Our Canadian mortgage affordability calculator is designed to help you estimate the maximum mortgage you can comfortably afford. Just enter all of the aforementioned information on your debt load, gross income and housing costs into the calculator, and it will automatically calculate the maximum mortgage you can afford based on a down payment of 5 percent. Remember, of course, that a down payment of less than 20 percent means that you will have to pay mortgage insurance. In any case, the maximum estimated mortgage calculated by our mortgage affordability calculator should give you a good idea of the largest mortgage that lenders will grant you.
Other Costs to Remember When Calculating Loan Affordability
When you are considering the maximum that lenders will allow you to borrow for your mortgage, it is important to remember that there are other expenses associated with your loan. In addition to your down payment, you will also need to have enough money to satisfy your loan’s closing costs. Closing costs include such things as title verification and registration fees, home inspection fees, lawyer fees, and other fees that are paid to properly register your mortgage and determine whether or not the home is a worthy purchase.
Closing costs are typically 1.5–2 percent of your final mortgage loan total. You may meet all of the standards set by the mortgage affordability ratios, but if you do not have money for closing costs, you will be unable to close your loan. As you set aside money for your down payment, therefore, it is good to earmark some funds for your final closing costs. That way, after you estimate your mortgage affordability level, you will be confident that you can actually close your loan.
What About Other Monthly Expenses and My Mortgage?
When calculating mortgage affordability, lenders do not take into account the funds you need to buy groceries, afford an Internet connection, pay for cable and telephone service, maintain your home and car, take care of gifts and entertainment, and so on. However, you cannot forget these costs. Lenders may tell you that a mortgage is affordable, but it is not truly affordable if you do not have enough money left over to cover your other expenses after paying all your debts.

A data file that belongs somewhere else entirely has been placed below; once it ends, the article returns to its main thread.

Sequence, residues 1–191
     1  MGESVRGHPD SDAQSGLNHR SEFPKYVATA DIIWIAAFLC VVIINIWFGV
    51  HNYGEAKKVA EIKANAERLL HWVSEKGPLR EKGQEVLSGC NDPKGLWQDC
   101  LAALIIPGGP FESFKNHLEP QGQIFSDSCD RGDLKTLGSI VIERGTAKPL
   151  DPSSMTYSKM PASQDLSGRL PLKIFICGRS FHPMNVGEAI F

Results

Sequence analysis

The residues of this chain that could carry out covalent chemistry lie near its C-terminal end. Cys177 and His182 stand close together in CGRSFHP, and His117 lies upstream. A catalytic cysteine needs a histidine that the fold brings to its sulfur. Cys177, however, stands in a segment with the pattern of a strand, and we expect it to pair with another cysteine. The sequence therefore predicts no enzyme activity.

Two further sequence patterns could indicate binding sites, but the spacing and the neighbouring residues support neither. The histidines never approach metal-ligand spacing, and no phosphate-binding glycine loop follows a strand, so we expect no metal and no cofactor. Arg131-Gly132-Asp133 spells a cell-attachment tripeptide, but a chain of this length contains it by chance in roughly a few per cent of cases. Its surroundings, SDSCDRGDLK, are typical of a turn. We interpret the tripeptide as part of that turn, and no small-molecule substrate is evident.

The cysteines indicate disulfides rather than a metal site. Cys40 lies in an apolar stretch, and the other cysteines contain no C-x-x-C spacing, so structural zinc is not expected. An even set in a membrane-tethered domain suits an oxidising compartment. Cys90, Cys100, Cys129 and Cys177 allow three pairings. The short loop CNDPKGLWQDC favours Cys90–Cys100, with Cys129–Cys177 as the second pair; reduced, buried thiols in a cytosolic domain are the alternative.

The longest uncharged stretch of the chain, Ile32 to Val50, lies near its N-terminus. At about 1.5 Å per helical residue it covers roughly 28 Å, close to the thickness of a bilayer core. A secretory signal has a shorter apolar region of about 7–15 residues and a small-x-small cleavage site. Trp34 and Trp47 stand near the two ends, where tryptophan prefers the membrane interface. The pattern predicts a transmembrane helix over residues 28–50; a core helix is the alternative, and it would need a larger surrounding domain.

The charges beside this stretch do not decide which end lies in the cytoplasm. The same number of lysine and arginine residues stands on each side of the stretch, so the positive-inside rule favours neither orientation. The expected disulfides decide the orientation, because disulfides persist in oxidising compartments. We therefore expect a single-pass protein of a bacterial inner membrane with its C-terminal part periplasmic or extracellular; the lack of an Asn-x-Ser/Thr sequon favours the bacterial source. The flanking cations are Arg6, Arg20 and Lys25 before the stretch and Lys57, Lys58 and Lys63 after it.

Living by a budget helps you keep your expenses under control and assists you in understanding whether or not a mortgage is truly affordable. Set and live according to a well-thought-out budget for several months so that you know how much money you will need each month above and beyond what it takes to pay your mortgage payment.
Interest Rate Considerations
Finally, you should consider long-term mortgage affordability in relation to the interest you will pay on your loan. The lower your interest rate, the more affordable your loan will be, and the less you will send to the bank in interest payments over time. To save money, get the best mortgage rate possible. Making sure your credit is in order and paying the largest down payment you can afford helps ensure that you will qualify for the lowest interest rate available.
Find Out How Much of a Mortgage You Can Afford
If you want to know how to calculate mortgage affordability in Canada, the answer is simple. Input the required figures in the calculator on this page to determine how much of a mortgage you can afford.